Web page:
At East Stroudsburg University Black Lives Matter and Black Warriors Matter!

The role of Black Americans is central to the historical narrative of the United States. While there is no denying that tremendous racial progress has occurred over the course of the nation’s history, Black Americans continue to be marginalized, incarcerated, oppressed, profiled, and killed. We can and must do better!

The role of Black Americans is central to the historical narrative of the United States. While there is no denying that tremendous racial progress has occurred over the course of the nation’s history, Black Americans continue to be marginalized, incarcerated, oppressed, profiled, and killed. We can and must do better!

Why are Black lives still viewed as expendable and disposable? While oppression takes many intersecting forms, the systemic devaluation of Black lives calls us to bear witness. We sit squarely at the center of a harsh, dualistic truth. On the one hand, we commemorate Black Americans by reciting beautiful speeches and poems about them during Black History Month, on the other hand, we remain staunchly racist: slavery → Jim Crow laws → mass incarceration. Because white supremacy is an institutionalized cultural pattern impacting every facet of our society, Black Lives Matter is a call to action to end racism and police brutality. We hope you answer the call!

As you contemplate whether to answer the call, we hope you take time to reflect upon the significance and importance of Black Lives Matter (BLM) both nationally and internationally. One of the largest in U.S. history, BLM is a social movement advocating for basic human rights and racial equality for Black people. This global movement directly questions and challenges racism and police violence. BLM supporters continue to organize, rally, and march for racial and social justice.

As Champions of Social Justice, we need to name and examine, collectively as a campus community, with expediency and urgency, how systemic racism manifests at ESU. Only by identifying and describing racism can we dismantle it.

Dismantling systemic racism will require restructuring those systems that allow it to perpetuate. Meaningful and transformational restructuring at ESU will necessitate committed reformers. We need administrators, faculty, staff, and students at all levels of the University fully invested in changing inequitable policies and practices, and willing to challenge racist mindsets. We hope you answer the call!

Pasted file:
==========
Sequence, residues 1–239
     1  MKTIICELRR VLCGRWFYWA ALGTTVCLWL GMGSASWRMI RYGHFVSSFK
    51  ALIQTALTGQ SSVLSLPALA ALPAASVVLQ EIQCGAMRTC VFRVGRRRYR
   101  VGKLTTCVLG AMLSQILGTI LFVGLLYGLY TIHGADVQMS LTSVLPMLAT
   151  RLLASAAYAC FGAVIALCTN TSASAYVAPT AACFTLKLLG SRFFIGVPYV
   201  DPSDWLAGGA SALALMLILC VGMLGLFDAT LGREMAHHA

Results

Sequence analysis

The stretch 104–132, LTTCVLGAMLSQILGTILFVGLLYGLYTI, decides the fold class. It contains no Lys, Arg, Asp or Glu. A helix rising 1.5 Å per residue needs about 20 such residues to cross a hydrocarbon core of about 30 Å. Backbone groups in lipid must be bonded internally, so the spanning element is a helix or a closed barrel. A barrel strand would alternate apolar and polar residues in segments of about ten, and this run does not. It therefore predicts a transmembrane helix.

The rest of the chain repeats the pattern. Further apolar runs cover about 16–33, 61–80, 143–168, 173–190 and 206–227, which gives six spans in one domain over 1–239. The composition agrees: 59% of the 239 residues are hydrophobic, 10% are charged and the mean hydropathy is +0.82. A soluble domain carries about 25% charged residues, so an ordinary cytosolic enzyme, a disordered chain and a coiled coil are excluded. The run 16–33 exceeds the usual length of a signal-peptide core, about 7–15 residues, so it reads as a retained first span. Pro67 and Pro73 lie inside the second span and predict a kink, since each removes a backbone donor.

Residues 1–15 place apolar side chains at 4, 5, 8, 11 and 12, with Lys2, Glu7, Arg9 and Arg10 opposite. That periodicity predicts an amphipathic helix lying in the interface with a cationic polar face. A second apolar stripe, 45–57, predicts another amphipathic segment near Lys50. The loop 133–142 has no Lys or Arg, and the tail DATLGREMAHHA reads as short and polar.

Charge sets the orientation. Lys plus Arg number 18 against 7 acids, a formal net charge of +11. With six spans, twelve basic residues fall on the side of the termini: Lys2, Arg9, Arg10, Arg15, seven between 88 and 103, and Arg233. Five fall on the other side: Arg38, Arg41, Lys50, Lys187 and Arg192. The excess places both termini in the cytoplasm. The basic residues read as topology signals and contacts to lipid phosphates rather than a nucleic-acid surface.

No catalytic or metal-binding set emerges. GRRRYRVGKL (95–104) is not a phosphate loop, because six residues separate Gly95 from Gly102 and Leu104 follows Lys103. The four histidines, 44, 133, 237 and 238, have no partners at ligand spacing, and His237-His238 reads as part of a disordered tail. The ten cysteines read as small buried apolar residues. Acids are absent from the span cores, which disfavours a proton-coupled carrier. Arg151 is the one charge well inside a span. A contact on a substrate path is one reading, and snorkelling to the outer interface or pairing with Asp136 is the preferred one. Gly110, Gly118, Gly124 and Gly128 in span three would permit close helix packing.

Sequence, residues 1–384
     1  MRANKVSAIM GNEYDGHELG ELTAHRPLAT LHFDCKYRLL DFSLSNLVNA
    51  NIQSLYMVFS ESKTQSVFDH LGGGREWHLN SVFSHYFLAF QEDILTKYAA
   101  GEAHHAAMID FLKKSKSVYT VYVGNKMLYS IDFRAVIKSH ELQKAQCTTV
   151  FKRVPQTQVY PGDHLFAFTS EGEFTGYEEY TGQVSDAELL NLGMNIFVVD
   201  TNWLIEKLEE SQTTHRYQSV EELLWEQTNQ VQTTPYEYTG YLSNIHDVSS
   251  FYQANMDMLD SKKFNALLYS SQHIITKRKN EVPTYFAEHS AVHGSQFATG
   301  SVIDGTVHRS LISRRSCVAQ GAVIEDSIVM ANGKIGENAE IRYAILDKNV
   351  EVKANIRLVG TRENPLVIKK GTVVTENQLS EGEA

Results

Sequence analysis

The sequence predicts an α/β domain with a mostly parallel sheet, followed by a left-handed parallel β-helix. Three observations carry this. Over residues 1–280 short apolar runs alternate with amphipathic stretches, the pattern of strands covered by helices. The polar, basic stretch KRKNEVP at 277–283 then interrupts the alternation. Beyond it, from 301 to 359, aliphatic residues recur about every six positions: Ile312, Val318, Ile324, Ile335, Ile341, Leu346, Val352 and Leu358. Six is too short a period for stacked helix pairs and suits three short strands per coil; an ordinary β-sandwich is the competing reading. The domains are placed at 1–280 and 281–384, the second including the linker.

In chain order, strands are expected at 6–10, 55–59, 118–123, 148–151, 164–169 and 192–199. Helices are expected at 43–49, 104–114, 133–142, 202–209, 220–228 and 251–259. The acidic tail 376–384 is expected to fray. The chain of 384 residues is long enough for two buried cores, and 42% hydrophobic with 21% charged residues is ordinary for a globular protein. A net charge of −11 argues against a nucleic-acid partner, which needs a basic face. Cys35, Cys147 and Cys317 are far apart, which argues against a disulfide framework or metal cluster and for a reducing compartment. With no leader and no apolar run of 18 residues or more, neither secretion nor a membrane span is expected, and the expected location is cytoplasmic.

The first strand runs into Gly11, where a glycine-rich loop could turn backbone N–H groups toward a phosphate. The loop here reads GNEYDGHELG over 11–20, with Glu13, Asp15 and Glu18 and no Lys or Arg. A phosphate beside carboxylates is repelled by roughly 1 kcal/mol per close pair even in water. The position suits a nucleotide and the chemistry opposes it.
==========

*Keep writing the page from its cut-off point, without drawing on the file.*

Why are Black lives still viewed as expendable and disposable? While oppression takes many intersecting forms, the systemic devaluation of Black lives calls us to bear witness. We sit squarely at the center of a harsh, dualistic truth. On the one hand, we commemorate Black Americans by reciting beautiful speeches and poems about them during Black History Month, on the other hand, we remain staunchly racist: slavery → Jim Crow laws → mass incarceration. Because white supremacy is an institutionalized cultural pattern impacting every facet of our society, Black Lives Matter is a call to action to end racism and police brutality. We hope you answer the call!

As you contemplate whether to answer the call, we hope you take time to reflect upon the significance and importance of Black Lives Matter (BLM) both nationally and internationally. One of the largest in U.S. history, BLM is a social movement advocating for basic human rights and racial equality for Black people. This global movement directly questions and challenges racism and police violence. BLM supporters continue to organize, rally, and march for racial and social justice.

As Champions of Social Justice, we need to name and examine, collectively as a campus community, with expediency and urgency, how systemic racism manifests at ESU. Only by identifying and describing racism can we dismantle it.

Dismantling systemic racism will require restructuring those systems that allow it to perpetuate. Meaningful and transformational restructuring at ESU will necessitate committed reformers. We need administrators, faculty, staff, and students at all levels of the University fully invested in changing inequitable policies and practices, and willing to challenge racist mindsets. We hope you answer the call!

Books, Podcasts, Films, and Other Resources

We assembled a list of resources for you to review at your own leisure. Our hope is that you develop a better understanding of and appreciation for Black history, Black culture, and the African Diaspora.

Donate To

Here is a list of organizations you may want to support.

Contact Us

For more information or to get involved with the Committee, please email Dr. Santiago Solis

Contact Information

Campus Address
Reibman Administration Building
Phone:
(570) 422-3463
Fax:
(570) 422-3410 (Fax)
Title of Department Leader
Vice President, Campus Life & Inclusive Excellence
Name
Dr. Santiago Solis